Two months to the French presidential election, the prospects of the extreme right Front National remain as good as ever. In many polls, Marine Le Pen hovers at between 15 and 20 percent and, in some cases, even leads centre-right UMP candidate and president Nicolas Sarkozy and centre-left candidate François Hollande. Such a high score for a party founded in the 1970s by neo-fascists is a worrying prospect. While history tells us that Le Pen would not stand a chance in the second round of the election, it has also shown that France could take a terrible turn as a result of her mere presence.
To understand the way contemporary France reacts to the extreme right, it is necessary to look back on the 2002 presidential elections. When Jean-Marie Le Pen, former president of the Front National and father of Marine, reached the second round of the election, a wave of panic swept over France. The media announced the coming apocalypse and hundreds of thousands of French citizens took to the streets to show their anger, fear and hatred of the FN and its ideas. As the results of the second round demonstrated (Le Pen hardly increased his score and Jacques Chirac was re-elected with over 82 percent of the vote), the behaviour of the media and the French people at large was more akin to a cleansing ritual than a concerted response to a real danger. Indeed, it was clear from the beginning that the extreme right would never get a majority of the vote in 2002. In 2012, despite Marine Le Pen’s attempts at mainstreaming the FN and the help she has received from mainstream politicians and media, it remains highly unlikely that she can do better than her father.
However, this does not lessen the impact on French politics the extreme right’s accession to a second round would have in 2012. Aided by the media’s sensationalist and shallow coverage, the mainstream parties would most likely react even more strongly than they did in 2002, and turn increasingly towards more exclusivist and right-wing populist politics as the solution to their electorate’s discontent. In fact, in the lead-up to the first round of the election, set to take place in April, the UMP has already returned to populist ethno-exclusivist and neo-racist strategies, which greatly assisted in Nicolas Sarkozy’s victory in 2007 and helped keep Le Pen’s result at ‘only’ 10% of the vote.
During the 2007 campaign, Sarkozy’s understanding of politics and campaigning owed much to the rise of the Front National, notably in his overt use of populism. To appeal to the FN electorate (very successfully as it happened), Sarkozy openly and directly targeted them, using similar themes to Le Pen’s. However, the impact of his comments on mainstream politics had a reach that Le Pen could only have dreamt of: the respectability of the various positions Sarkozy held in government facilitated the legitimisation of many ideas previously considered in conflict with democratic ideals. In 2012, since many voters have decided to return to the original, Sarkozy and his colleagues will have to redouble their efforts to convince Front National voters again that ‘President Bling-Bling’ is the alternative they are looking for.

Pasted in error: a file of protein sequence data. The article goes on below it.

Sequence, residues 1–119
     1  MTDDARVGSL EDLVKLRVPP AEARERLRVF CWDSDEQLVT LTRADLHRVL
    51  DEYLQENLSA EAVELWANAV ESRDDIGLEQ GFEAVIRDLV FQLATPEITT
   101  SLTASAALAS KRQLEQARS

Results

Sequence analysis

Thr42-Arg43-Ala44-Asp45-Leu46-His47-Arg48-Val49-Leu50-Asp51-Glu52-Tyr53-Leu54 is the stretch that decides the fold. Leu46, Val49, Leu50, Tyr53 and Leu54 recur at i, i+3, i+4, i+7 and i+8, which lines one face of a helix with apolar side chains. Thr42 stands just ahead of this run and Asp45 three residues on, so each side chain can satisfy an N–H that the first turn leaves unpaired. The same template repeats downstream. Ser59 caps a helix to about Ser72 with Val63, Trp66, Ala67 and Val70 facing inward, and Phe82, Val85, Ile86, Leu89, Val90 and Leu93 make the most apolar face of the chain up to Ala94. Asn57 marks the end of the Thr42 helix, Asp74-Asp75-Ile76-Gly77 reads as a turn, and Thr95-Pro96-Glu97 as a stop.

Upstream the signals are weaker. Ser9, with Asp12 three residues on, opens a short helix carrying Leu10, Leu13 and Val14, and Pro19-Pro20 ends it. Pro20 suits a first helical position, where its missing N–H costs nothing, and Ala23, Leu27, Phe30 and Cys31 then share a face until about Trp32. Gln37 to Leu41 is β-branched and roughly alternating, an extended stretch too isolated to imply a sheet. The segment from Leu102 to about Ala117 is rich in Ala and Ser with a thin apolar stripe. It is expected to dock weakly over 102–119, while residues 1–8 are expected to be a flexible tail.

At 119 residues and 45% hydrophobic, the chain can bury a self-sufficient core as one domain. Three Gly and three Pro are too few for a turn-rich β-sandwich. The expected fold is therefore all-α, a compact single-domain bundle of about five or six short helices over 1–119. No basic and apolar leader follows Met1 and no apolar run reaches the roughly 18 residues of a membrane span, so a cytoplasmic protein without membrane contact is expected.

Therefore, as the election draws closer and Sarkozy remains low in the polls, his most faithful acolytes are out to chase the disillusioned and scared electorate, which has turned to the virulently nationalist and populist rhetoric of the FN. Despite a rather poor record on issues of security, there is little doubt that the government will make fear, paranoia and the division between good and evil central to the campaign. Similarly, race is bound to play a crucial role in swaying a considerable part of the electorate which will find its real economic fears assuaged by harsh proposals to fight an imaginary yet convenient immigrant threat. Claude Guéant, Sarkozy’s Minister of the Interior known for his recurrent neo-racist comments and his ‘obsession’ with Le Pen, recently declared that all cultures are not equal. Without naming it directly, Guéant clearly took aim at Muslim culture and civilisation, an attack Sarkozy has since described as ‘common sense’. Guéant notably criticised the wearing of the hijab and burqa as well as street prayers, only marginal elements within the French Muslim community which have been turned into ‘real’ national threats through years of propaganda. In the meantime, and as a clear result of such reactionary politics, surveys have shown that anti-Muslim acts increased by 34 percent in 2011.
In a country that has been condemned numerous times in the past few years by various international bodies for its treatment of immigrants (be they ‘illegal’ or ‘legal’), the continual rise of the extreme right is a dire warning. With distrust of politicians at a high and gloomy economic forecasts, France, the cradle of the Enlightenment, is unlikely to see a real positive alternative arise before the election. In such a context, Marine Le Pen will most certainly perform well in the first round, and if lucky enough to reach the second round, be defeated largely by either the moderate left or right. Yet her victory will be real, in making whoever governs less moderate, less progressive and more reactionary in the years to come.